Gold has retraced more-than-a-normal Fibonacci .786 of the move down from April through May 2004. A push above 433 would negate the Bearish Double Top pattern. Momentum remains strong. The RSI is at levels seen time and time again at tops, however prices can remain overbought for long periods of time in Bull Markets. A breakout above resistance at 425 would also be Bullish. The long-term trend remains up.
Here's the deal with the HUI. It is in a long-term Bullish trend. The question is, where does it stand in the intermediate trend? The Elliott Wave count is ambiguous and can be interpreted three different ways. I've presented the one I believe to be most accurate at this time. However, this count requires that prices decline immediately as they have retraced .786 of the move down from December 2003. Any decisive move above here would mean one of the two other counts are in play. If the above count is correct, wave C down of corrective wave 2 down would likely take prices to a .786 retrace of Intermediate degree wave 1 up - to 138ish.
Should prices move decisively higher, a second possibility is that where we have labeled Minor degree wave A would in reality be Minor degree wave 4 of the rally from October 2002. That would mean we are rallying inside Minor degree wave 5 up, completing Intermediate 1 up. That would likely complete over the next two months, to be followed by a huge decline - corrective Intermediate degree wave 2 down, lasting half of 2005.
A third possibility is that should prices rise decisively from here, corrective Intermediate degree wave 2 completed where we labeled wave A down, and we are off to the races for a wondrous Intermediate degree wave 3 up to the stratosphere. Given the extreme oversold conditions present, this is the least likely scenario in our view.
Bonds and Interest Rates:
Prices reversed at the .786 retrace point for the rally from July 2003 through September 2004, as mentioned in last week's newsletter. Since then prices have traced out a minuette degree decline and correction, waves i down and ii up within minor degree wave 1 down of intermediate degree wave 3 down. The RSI shows prices are on their way lower from overbought conditions, and the MACD shows momentum is down hard, confirming the Elliott Wave count.
The pattern in view is a long-term Bearish Head & Shoulders Top, with double-boned shoulders. The Head is far above the neckline, meaning once prices confirm this pattern with a drop below 101, the minimum downside target is to the low 80s.
Interestingly, the past few days have seen a return to the inverse price relationship between equities and bonds. Should equities decline, bonds may rally - in the short run - however, liquidity pumping to buoy equities would no doubt send the dollar lower, with bonds fast on the greenback's heels.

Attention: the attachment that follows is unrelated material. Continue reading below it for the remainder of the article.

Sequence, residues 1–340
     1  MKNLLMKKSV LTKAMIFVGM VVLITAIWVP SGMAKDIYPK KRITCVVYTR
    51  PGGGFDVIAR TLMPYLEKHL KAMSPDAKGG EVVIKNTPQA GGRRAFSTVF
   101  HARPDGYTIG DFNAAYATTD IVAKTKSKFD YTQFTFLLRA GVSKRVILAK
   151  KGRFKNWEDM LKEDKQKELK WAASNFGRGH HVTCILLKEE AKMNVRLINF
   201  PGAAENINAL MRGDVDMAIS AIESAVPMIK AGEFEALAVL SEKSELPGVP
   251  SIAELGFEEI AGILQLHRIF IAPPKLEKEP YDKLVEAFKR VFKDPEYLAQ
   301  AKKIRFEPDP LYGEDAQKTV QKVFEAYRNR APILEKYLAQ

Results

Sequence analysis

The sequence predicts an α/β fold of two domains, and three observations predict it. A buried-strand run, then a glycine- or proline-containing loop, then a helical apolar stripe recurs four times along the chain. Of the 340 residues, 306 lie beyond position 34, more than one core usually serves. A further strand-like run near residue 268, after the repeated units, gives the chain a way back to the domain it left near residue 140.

The economic numbers continue to deteriorate, making further short-term interest rate increases less than certain. The European Central Bank "passed" on a rate increase this week. The Fed could do the same the next time they meet.
Texas based Exxon Mobil Corporation is happy. Oil on the left and XOM on the right. No, you are not seeing double. There is nothing wrong with your screen. Any takers on which hits $70 first? Or, perhaps you believe they will both hit $70 on the very same day. So you believe there is an oil crisis? Now would that be from a lack of natural resources, a lack of reserves, or price gouging? Hmmm.
There is just simply enormous risk in this market. Everywhere you turn, technical indicators warn of a huge equity sell-off. The Election is holding this market up, the massive infusions of M-3 by the Federal Reserve, the artful presence of the Plunge Protection Team, and investors' "wait and see" eye toward the future governing the urge to sell. Before they dump, they want to know what happens in November. But the structure of this market is so fragile, that it wouldn't take much to spook it and bring about panic supply orders. The U.S. Dollar looks weak, ready to decline, the VIX rose 20 percent in two days this week, Index valuations are at levels seen at tops or manias, and one by one, every day we hear of another stock that "unexpectedly" crashed over 20 percent for some bad news reason or another - earnings warnings, product recalls (Merck), accounting scams (FNMA). Oil is parabolic, but questions of manipulation don't allow us to follow the charts - it could go much higher, or plummet. At what point does the price of oil throw the economy into recession? Iraq as we all know is a mess, and we have the ever-present threat of terror and more war. Gold and the Mining shares recognize these risks and are rising in response - just in case. Extreme Caution is warranted.
"The proud look of man will be abased,
And the loftiness of man will be humbled,
And the Lord alone will be exalted in that day.
For the Lord of hosts will have a day of reckoning
Against everyone who is proud and lofty."
Isaiah 2:11, 12
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|Key Economic Statistics|
|Date||VIX||Mar. U.S. $||Euro||CRB||Gold||Silver||Crude Oil||1 Week Avg. |
Note:VIX shows fear; Dollar weakens; Euro, CRB, Metals, & Oil rise.